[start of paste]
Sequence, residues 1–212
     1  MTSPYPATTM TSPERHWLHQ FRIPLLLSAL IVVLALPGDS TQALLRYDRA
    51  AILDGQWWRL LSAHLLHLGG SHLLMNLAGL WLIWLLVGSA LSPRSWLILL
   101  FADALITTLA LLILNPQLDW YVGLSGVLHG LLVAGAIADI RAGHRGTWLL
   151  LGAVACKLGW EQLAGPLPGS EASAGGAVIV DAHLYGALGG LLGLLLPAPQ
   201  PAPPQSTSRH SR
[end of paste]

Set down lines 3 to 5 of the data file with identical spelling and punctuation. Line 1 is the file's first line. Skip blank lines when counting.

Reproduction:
    51  AILDGQWWRL LSAHLLHLGG SHLLMNLAGL WLIWLLVGSA LSPRSWLILL
   101  FADALITTLA LLILNPQLDW YVGLSGVLHG LLVAGAIADI RAGHRGTWLL
   151  LGAVACKLGW EQLAGPLPGS EASAGGAVIV DAHLYGALGG LLGLLLPAPQ